Understanding the Identity Perils of U13 (Under 13) kids

Market Insight
With COVID-19, kids are online nearly quadrupling digital engagement & screen time. Now’s the time to get it right with the fastest growing user segment online.
By: 
Claire Quinn

Over the past few months, online tools are keeping us connected, social, and together. Beyond the personal connection, technology is also allowing more than 1 billion students to continue to learn as they are out of school or beginning a hybrid program. Prior to school closures in the spring and lockdowns, we already knew online users under the age of thirteen (U13) have become one of the fastest growing digital audiences around the world. Nearly half (46 percent) of US tweens have a smartphone. 81 percent of the world’s children and 92 percent of US children have an online presence before they turn 2. In the wake of COVID-19, kids are online nearly quadrupling digital engagement and screen time. Now is the time for companies to get it right when it comes to responsibly engaging with youth and their families.  

With all this engagement, we are still seeing digital services either turning away U13 children and missing an opportunity or have actual knowledge that children U13 have gamed the registration and are using the service which creates risk to children’s online privacy and puts the company in a vulnerable position. Let’s face it, children lie about their age online. Children in the age range of 10 to 12 will more times than not attempt to age up when presented with an age gate.

 

Why are kids aging up?

Kids don’t like being blocked and will always find a way in. In many cases, parents are informally approving their children to create accounts with some level of false data.

Platforms such as Facebook and Google often serve as an online identity. Children have lied about their age to access these platforms. This means the child now has a ‘fake ID’ allowing him or her access to other age restricted products without a bouncer at the door verifying who they really are. The implications of this are far reaching and potentially hugely impactful on their well-being, future and putting the brand at risk.

 

It's time kids have their own online identity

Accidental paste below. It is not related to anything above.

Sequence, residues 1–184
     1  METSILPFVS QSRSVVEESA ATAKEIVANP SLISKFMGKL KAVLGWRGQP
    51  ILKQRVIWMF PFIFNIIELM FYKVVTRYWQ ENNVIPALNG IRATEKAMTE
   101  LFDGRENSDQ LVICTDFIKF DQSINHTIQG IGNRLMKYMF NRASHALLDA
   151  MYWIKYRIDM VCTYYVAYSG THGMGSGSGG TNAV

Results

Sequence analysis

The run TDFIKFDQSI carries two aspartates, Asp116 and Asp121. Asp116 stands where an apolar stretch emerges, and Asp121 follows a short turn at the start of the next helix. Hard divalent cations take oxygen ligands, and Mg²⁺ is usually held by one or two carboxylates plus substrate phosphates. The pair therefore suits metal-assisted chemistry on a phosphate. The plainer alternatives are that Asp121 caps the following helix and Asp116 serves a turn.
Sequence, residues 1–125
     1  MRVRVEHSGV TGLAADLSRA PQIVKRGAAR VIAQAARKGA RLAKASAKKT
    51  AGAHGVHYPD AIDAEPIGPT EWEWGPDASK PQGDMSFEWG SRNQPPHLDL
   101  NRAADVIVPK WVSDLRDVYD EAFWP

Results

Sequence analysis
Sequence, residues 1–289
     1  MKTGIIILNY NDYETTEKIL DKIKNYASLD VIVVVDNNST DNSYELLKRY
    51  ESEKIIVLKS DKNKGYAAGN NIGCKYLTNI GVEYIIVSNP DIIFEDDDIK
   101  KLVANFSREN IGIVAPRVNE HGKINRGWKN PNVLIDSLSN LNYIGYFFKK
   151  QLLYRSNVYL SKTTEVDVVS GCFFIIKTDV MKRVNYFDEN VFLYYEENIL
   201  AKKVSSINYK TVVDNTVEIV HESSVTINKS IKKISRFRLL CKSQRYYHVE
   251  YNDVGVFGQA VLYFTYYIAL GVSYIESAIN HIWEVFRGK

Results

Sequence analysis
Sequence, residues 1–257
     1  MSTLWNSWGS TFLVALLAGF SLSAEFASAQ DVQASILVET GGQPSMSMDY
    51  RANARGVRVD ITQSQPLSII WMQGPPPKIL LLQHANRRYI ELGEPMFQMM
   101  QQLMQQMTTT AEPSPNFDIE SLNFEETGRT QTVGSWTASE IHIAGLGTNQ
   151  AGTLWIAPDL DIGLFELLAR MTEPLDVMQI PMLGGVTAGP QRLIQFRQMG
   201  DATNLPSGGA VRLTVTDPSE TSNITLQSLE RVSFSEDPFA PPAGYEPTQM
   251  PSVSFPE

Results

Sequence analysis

Children need to own their online identity allowing for a  single sign on (SSO) with minimal information being collected, proper age verification and ability to receive parental consent. Not only do they need control over their personal data as do their parents, they should also be afforded safety measures and protection from harm just as they are in the offline world, while at the same time letting them build a trusting relationship with their most loved brands.

The SSO should grow with the child through their teens and beyond in adulthood. Fostering a privacy preserving digital ecosystem which encourages organizations to safely and responsibly engage with children and families is paramount not just for legal compliance, but for building a strong brand.

 

Curious by nature

Children are curious by nature and will always want to try the forbidden and test the boundaries – it is part of growing up. It is therefore the job of industry, parents, regulators and educators to give them the tools and protections to allow them to engage online in a meaningful way, instead of enabling them to lie about their age or blocking them entirely. Children are always online, there is no off switch in their world so turning a blind eye on protecting children online is not the answer.

To continue to engage this increasingly captive user base now and post COVID-19, companies need to ask how are they are going to retain and foster these young users? Do they have a digital strategy in place to let kids under 13 even create accounts? Let PRIVO help you talk through your strategy. The time is now!

 

About the Author

Claire Quinn is VP of Compliance for PRIVO. PRIVO is the leading global industry expert in children & family online privacy, identity and consent management. PRIVO’s signature Kids Privacy Assured Program helps companies and schools navigate the online privacy landscape from COPPA, GDPR and the

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